Lindsey Graham Says We Need an Amendment to Fix Money in Politics

In April at an event in New Hampshire, Senator Lindsey Graham was asked a question about what he would do to fight big money in politics. In his response, Graham pointed to the need for a constitutional amendment to address the Supreme Court’s ruling in Citizens United:

Well, Citizens United has gotta be fixed. Y’all agree with that? You’re gonna need a constitutional amendment to fix this problem. I was for McCain-Feingold, the Supreme Court ruled 5-4 that provisions in McCain-Feingold basically no longer apply.

You’re gonna get sick of watching TV in New Hampshire. So the next President of the United States needs to get a commission of really smart people and find a way to create a constitutional amendment to limit the role of super PACs because there’s gonna be like $100M spent on races in New Hampshire — which’ll be good for this TV station — ripping everybody apart. You don’t even know who the people are supplying the money, you don’t even know their agenda. Eventually we’re gonna destroy American politics with so much money in the political process cause they’re going to turn you off to wanting to vote.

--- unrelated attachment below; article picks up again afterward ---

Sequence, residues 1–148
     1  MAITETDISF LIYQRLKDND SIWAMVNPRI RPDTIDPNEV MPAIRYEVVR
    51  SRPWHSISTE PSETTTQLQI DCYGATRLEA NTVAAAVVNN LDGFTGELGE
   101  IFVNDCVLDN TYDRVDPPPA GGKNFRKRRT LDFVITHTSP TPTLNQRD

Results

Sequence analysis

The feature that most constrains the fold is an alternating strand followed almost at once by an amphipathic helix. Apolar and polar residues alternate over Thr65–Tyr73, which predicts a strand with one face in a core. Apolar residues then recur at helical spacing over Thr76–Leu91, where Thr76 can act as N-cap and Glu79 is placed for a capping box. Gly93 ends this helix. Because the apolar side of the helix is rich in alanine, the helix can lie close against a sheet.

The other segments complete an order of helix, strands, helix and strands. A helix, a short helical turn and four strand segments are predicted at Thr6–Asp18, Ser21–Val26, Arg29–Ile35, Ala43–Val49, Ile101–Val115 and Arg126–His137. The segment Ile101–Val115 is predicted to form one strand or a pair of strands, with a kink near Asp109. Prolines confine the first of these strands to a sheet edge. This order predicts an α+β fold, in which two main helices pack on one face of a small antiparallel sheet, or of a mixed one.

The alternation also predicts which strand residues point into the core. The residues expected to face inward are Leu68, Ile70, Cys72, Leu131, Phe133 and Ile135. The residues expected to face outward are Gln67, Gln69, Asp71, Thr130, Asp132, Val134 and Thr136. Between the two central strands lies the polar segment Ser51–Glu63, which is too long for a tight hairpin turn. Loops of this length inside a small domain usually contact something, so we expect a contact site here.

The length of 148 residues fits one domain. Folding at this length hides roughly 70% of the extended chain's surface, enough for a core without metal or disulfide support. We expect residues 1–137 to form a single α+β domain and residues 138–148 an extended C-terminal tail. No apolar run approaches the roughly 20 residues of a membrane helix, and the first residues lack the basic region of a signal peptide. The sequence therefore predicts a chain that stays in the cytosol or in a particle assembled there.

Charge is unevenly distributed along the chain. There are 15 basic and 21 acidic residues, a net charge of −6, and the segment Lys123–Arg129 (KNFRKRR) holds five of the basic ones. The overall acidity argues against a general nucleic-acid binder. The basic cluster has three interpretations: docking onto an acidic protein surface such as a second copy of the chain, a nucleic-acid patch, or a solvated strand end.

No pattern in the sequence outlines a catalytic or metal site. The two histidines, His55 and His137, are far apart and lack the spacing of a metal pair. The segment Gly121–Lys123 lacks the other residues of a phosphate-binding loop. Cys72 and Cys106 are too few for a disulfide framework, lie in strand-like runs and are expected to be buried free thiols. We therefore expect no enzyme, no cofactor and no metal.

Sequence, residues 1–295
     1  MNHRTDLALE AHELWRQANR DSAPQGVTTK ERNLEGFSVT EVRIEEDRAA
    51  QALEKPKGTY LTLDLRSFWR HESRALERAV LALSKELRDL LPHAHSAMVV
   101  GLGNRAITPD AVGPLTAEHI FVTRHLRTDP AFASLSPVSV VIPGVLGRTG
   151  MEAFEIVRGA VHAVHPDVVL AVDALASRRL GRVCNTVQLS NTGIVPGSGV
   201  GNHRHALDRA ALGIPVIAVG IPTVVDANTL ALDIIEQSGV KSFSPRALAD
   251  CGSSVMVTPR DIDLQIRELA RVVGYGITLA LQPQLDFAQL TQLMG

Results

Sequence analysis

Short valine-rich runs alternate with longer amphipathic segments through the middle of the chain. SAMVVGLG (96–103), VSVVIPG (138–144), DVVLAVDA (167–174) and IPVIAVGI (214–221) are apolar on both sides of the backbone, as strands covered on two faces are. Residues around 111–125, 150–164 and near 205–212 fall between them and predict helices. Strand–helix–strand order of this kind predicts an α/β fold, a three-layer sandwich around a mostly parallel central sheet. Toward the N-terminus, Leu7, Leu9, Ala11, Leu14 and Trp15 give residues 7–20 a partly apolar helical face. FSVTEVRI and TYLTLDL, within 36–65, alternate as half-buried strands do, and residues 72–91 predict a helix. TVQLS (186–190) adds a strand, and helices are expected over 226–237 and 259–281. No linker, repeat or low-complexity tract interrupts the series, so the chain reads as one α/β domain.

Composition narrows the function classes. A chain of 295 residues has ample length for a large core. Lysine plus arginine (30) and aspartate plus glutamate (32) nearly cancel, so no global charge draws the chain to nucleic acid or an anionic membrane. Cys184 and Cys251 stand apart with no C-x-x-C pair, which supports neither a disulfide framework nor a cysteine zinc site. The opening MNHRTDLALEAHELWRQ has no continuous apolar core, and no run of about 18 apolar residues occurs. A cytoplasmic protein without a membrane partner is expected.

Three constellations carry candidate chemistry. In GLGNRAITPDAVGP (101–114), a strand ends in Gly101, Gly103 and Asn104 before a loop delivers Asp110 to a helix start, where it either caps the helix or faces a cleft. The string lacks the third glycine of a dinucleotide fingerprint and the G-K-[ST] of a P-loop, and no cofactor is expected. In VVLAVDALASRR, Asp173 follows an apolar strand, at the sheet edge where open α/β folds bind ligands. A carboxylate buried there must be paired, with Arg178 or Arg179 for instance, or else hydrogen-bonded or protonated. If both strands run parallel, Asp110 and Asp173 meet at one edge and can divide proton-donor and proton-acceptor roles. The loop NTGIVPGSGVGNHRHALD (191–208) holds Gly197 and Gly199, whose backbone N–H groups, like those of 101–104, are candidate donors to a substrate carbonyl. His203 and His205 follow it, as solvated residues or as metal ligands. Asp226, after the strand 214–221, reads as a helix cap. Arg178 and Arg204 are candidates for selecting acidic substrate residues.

Senator Graham previously spoke out against the big money takeover of our elections n March, Bloomberg’s David Weigel wrote about a comment Graham made to a voter — again, in New Hampshire — about his desire to see some “control” over money in politics so it won’t “destroy the political process.”

“It’s the wild, wild West,” Graham told voters in Barrington, N.H., this month, adding: “What I worry about is that we are turning campaigns over to about 100 people in this country, and they are going to be able to advocate their cause at the expense of your cause.”

We acknowledge that support for the amendment is key, however Senator Graham voted against the Democracy For All Amendment, which would overturn decisions like Citizens United and Bucky v. Valeo. 

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Poll Shows Americans Favor an Overhaul of Campaign Financing

Americans across the political spectrum fundamentally reject unchecked spending in our elections, made possible by Supreme Court Decisions such as Citizens United v. FEC and Buckley v. Valeo. According to a June New York Times/CBS News Poll, there is deep support among Republican and Democrat voters alike for measures that would restrict the influence of Super PACs and for more disclosure of election spending.

In addition, the poll found that many voters reject the argument the ongoing Supreme Court jurisprudence on campaign finance that asserts political money is a form of speech protected by the First Amendment.

In a follow-up interview from the New York Times, Teri Holland, 67, a former database manger and self-identified Republican from New Mexico comments:

“I think it’s an obscene thing the Supreme Court did. The old-boy system is kind of dead, but now it’s the rich system. The rich decide what’s going to happen because the Supreme Court allows PACs to have civil rights.”

Do you agree with the viewpoints of Teri Holland and similar voters? Let us know in the comments.